WANG Hong is in a dilemma: whether to allow her son to join a football academy, or send him to middle school? Wang’s son has practiced football for three years and will finish primary school this summer in Qingdao, eastern China’s Shandong Province.
Wang says her worries center around what options her son will have if he does not make it in the world of professional football. “My son is fond of football and plays well, and a football club has invited him to join their U-13 team. But if he were not cut out to be a professional player, what would he do for a living in the future?”
Most Chinese football clubs and academies don’t or rarely offer general knowledge courses for young trainees. If they can’t get into professional teams before reaching adult age, getting a job could be a big problem for them.
Only about 30 percent of trainees end up becoming professional footballers, and Cai Jun, head coach of the youth teams for Qingdao Jonoon Football Club, says it’s a major gamble. “It is like betting on your children giving up study to practice football.”
China kicked off a soccer reform plan in 2015 to popularize the sport across the country in an effort to meet the demands of the public and upgrade the playing level of the national teams.
In the plan, the development of campus football is seen as a powerful driving force to enlarge the football-playing population and produce excellent young football professionals.
China will have 20,000 schools characterized by football at the end of this year and will add 30,000 more by 2025, according to a newly released report by the Ministry of Education.
“Football development in primary schools has been pretty good in the past two years. But facing pressure of high school and college entrance examinations, many parents have doubts about continuing training,” says Qi Xiaoxuan, head of the campus football division at Qingdao Jonoon.
Qu Kefu, president of Qingdao Finance School, says that if junior footballers have to undergo training along with studying, it will be very difficult for them to pass high school entrance examinations, let alone college, as they have to spend several months out of school every year in training and games.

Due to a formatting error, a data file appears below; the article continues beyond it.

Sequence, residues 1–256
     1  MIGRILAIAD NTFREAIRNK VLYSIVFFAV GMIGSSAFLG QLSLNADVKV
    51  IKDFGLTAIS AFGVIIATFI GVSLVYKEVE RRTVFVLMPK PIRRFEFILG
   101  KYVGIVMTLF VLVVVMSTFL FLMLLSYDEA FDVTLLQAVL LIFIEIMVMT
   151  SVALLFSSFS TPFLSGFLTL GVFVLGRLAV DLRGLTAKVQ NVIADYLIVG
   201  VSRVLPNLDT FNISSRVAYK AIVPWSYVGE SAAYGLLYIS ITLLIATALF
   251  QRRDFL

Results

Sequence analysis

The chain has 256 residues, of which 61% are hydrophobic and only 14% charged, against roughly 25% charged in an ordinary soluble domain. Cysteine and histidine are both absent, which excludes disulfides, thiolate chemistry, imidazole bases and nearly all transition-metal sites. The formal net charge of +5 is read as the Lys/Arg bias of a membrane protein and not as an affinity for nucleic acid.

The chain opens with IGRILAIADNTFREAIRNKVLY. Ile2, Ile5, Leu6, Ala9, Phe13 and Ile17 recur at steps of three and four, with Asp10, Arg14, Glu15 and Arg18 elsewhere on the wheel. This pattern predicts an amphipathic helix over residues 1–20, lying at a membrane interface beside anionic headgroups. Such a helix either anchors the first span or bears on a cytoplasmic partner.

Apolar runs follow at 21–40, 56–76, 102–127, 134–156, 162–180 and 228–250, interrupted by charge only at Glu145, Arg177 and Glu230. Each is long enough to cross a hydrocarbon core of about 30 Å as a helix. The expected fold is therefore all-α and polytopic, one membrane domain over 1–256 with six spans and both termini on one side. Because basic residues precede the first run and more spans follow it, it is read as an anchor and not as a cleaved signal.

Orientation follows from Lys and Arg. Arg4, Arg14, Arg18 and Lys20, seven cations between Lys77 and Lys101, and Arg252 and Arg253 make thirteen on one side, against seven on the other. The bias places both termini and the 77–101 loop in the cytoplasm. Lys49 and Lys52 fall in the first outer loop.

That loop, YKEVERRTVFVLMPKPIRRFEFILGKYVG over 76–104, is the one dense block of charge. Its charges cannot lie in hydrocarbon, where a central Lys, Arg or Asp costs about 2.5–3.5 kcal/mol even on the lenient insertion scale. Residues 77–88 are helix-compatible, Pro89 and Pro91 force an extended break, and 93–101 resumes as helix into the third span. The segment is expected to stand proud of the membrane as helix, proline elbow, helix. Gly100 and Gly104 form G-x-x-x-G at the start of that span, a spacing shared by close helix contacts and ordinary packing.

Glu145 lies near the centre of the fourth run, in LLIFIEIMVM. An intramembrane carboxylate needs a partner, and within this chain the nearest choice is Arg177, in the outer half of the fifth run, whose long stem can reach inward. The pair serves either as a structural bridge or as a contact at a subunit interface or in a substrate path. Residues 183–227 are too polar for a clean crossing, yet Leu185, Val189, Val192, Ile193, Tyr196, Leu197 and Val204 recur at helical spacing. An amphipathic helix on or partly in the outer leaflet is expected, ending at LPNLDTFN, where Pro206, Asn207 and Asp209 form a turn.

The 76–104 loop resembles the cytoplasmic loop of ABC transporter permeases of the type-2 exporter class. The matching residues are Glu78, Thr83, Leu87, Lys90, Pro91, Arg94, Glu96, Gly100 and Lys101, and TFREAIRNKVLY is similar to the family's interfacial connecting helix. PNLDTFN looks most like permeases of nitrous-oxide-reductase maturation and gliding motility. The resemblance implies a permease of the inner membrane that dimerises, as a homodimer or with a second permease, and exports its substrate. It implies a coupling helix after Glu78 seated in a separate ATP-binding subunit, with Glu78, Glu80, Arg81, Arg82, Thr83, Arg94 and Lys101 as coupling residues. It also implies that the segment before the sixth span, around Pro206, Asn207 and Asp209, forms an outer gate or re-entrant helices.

Jonoon and other schools are trying to solve this problem. After the young trainees graduated from primary schools, the club gathered them in two middle schools.
The trainees study in schools, and club coaches organize training there. “Regular students in our school have two hours to take music, sports and painting courses from Monday through Friday, so young players can have training in this period and won’t be absent from core lessons,” says Zhang Wei, president of Qingdao Cangkou School, one of the partner schools of Jonoon.
When training and games take them out of school, they still complete lessons through homework assigned by teachers, Zhang says.
Qingdao Cangkou School reorganizes classes according to students’ scores every month, and teachers will slow down teaching progress for the classes with lower marks. In this way, when trainees fall behind, they still have chances to bounce back.
But what happens if students are still unable to pass the high school entrance examination? Qingdao Finances School, another partner of Jonoon, set up a special major called Sports Facility Management, specifically for such trainees.
“If young trainees can’t get into a professional team or college after graduation, they can get a job in sports clubs, stadiums and sports enterprises, as they will have learned related major courses and have developed special knowledge in the field of football,” says Qu.
“We also have courses for football coaches and referees, and this will help trainees find work as well,” Qu says. “But parents still have prejudice about vocational schools, and they don’t like to send children there.”
Given the administrative pressures of enrollment rates, only a few schools have willing to cooperate with the club. Huang Jian, spokesperson for Jonoon, says that is why a long-lasting solution is still needed.